Billy Walsh, the Head Coach of the Irish Amateur Boxing Association’s High Performance, is in Donegal, on Friday night.
Walsh, a seven time national champion and Olympic boxer, is the special guest at the annual Donegal Sport’s Stars Awards night, in the Mount Errigal Hotel, in Letterkenny on Friday night.
Walsh as was the man who masterminded Ireland’s impressive medal hauls from the London Olympics.
Friday night’s visit, will be the Wexford man’s second to the North West and Donegal.
Five years ago, ironically in January, too, was his first, when he spent over a week in the county with an elite squad of boxers preparing for the Beijing Olympics.
Walsh arrived in the North West in January 2008, with just one boxer (Paddy Barnes) sure of his seat on the plane to the China for that Summer’s Olympics. Ten days later, with heads cleared, he departed with four more - John Joe Nevin, John Joe Joyce, Kenny Egan and Darren Sutherland - fighters sufficiently honed both mentally and physically that in a matter of weeks they, too, had secured their tickets to Beijing.
“The last time I was up, it was a for a different reason altogether. It was for a training camp in preparation for Beijing 2008,” said Walsh, who is looking forward to his second trip and was earlier this week keeping his fingers crossed that the weather does not intervene.
“We arrived in Donegal with just one boxer (Paddy Barnes) having qualification secured and following the camp a short time later at a tournament in Greece, Paddy was joined by four more of his colleagues.
“We had just been to Chicago and Paddy Barnes was the only one to come home with qualification. So with time running out, we decided we simply had to shake things up and take the boys out of their comfort zone. The general feeling among the High Performance team was that things had gone stale and something drastic was needed to be done, so we came to Donegal.
“And after a couple of 6 am runs in the Barnesmore Gap with Eunan Devenney, and after a few early morning sessions in the Twin Towns Boxing club, the boys were no longer in the comfort zone.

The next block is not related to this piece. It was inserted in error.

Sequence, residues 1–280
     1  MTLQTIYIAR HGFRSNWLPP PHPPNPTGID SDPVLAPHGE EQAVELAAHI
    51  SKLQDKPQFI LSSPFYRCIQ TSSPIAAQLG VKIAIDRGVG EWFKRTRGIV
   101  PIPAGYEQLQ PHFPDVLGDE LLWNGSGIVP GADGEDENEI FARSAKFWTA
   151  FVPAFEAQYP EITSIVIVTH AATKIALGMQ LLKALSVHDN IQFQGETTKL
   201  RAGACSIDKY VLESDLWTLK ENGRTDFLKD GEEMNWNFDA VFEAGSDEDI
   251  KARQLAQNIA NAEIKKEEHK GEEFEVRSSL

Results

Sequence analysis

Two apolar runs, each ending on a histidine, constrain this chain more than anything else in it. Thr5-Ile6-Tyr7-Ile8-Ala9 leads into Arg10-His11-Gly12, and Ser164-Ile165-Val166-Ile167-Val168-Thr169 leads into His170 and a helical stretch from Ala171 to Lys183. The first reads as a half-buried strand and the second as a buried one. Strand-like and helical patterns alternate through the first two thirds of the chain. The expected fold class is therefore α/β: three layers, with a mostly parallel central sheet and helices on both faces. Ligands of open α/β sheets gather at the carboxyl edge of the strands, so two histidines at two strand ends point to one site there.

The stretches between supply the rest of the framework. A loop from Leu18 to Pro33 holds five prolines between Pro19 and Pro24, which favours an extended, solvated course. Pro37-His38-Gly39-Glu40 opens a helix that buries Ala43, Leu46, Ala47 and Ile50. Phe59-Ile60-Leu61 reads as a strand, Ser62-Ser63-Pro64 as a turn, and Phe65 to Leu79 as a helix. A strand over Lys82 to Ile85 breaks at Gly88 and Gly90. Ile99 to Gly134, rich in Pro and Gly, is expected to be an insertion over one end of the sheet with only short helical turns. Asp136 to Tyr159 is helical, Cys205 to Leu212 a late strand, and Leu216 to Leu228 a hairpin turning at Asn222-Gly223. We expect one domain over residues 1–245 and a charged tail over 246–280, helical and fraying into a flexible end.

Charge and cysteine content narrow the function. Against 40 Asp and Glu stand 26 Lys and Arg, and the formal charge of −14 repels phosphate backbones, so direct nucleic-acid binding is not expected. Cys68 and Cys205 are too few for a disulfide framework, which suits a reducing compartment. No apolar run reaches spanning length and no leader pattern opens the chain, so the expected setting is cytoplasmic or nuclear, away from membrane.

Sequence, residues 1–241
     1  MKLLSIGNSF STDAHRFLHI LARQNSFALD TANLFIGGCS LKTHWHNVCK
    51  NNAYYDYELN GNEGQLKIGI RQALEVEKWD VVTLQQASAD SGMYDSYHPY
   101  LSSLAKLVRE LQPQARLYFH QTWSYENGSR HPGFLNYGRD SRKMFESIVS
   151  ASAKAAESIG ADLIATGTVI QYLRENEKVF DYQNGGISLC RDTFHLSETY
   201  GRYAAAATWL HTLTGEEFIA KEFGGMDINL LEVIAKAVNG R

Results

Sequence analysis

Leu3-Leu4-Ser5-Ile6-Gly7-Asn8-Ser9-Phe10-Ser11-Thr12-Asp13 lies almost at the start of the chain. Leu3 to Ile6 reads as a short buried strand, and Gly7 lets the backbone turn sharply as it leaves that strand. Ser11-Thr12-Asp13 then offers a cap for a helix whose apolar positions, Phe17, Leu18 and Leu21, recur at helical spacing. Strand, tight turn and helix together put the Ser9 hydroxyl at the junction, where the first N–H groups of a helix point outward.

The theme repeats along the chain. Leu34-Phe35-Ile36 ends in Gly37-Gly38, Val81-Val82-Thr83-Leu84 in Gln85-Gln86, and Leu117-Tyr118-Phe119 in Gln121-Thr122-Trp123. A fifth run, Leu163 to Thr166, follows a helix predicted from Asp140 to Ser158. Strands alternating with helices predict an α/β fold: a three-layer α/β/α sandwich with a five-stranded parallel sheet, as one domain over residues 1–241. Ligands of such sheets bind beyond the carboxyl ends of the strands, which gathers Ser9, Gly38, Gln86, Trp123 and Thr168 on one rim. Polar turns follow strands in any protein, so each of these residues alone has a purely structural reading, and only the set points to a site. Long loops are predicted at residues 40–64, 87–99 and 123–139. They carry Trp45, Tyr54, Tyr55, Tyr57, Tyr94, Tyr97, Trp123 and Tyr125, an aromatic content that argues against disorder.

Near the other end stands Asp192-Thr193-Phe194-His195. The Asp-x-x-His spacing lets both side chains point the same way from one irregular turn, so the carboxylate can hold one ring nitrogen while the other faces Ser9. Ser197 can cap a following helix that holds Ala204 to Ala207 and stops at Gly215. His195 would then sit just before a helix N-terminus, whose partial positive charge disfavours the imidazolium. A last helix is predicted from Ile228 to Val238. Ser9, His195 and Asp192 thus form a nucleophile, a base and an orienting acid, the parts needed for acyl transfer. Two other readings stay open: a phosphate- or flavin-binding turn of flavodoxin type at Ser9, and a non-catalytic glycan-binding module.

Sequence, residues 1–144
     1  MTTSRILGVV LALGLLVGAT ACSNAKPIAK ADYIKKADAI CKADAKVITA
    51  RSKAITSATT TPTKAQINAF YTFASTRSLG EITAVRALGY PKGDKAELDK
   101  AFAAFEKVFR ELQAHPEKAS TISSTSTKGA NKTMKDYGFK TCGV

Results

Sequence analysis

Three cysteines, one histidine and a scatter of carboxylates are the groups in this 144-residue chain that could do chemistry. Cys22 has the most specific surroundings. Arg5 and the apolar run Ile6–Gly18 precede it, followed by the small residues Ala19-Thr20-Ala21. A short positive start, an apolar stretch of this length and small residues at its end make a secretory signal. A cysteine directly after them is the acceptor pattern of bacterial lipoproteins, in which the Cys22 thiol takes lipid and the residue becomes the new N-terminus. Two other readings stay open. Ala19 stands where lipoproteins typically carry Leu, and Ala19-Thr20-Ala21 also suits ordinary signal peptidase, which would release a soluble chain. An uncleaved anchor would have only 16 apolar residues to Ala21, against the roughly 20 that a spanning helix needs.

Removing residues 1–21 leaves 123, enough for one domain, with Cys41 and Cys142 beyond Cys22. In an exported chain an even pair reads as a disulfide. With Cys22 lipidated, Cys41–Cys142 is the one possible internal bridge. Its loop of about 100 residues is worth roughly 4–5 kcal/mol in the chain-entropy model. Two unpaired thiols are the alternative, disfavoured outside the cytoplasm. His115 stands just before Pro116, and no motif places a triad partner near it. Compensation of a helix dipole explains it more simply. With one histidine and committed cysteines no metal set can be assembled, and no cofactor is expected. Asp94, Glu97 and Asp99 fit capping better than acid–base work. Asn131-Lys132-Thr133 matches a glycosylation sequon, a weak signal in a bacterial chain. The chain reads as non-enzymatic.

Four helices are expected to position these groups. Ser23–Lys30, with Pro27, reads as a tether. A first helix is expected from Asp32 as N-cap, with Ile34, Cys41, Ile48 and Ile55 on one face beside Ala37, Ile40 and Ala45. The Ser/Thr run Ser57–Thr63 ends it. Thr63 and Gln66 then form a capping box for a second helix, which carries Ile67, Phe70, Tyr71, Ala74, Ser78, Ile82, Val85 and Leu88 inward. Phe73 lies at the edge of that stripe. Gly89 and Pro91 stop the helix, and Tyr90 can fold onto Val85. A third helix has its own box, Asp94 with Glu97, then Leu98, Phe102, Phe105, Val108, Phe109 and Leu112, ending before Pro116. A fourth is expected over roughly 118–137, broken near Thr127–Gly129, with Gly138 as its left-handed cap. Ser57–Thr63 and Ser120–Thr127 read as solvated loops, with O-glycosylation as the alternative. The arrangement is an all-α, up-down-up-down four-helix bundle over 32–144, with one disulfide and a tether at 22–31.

“That camp really shook them up. It was a very successful camp and following it John Joe Nevin, John Joe Joyce, Kenny Egan and Darren Sutherland made the qualification and, as the say, the rest is history. Kenny won a silver medal and Darren and Paddy won bronze medals in Beijing.
“I always put those medals and the Beijing success down to that camp in Donegal, and those early morning sessions in the Barnesmore mountains. It really shook the boys up and got everybody into the right frame of mind. It was hugely influential in changing attitudes and turning the fortunes of that boxing team around.”
Ireland added four more medals in London, with the golden girl of Irish sport Katie Taylor (gold), Paddy Conlon (silver), Johnny Nevin (silver) and Paddy Barnes (bronze) have added to Ireland’s medal collection with boxing once again boxing the standout Irish sport at the Olympics.
“Irish boxing is on a high, and our boxers are doing very well. Ireland has won 28 Olympic medals so far and boxing has won seven of them in the last two Olympics. So I think it is fair to say that our boxers are punching way above their weight when it comes to participation in the sport.
“You have a number of very good boxers in Donegal. Jason Quigley, who I see is up for an award, and William McLaughlin and great work is being done in the clubs in Donegal. People like Eunan Devenney in Twin Towns, and Conor Quigley in Finn Valley and Stephen Friel, in Illies Golden Gloves.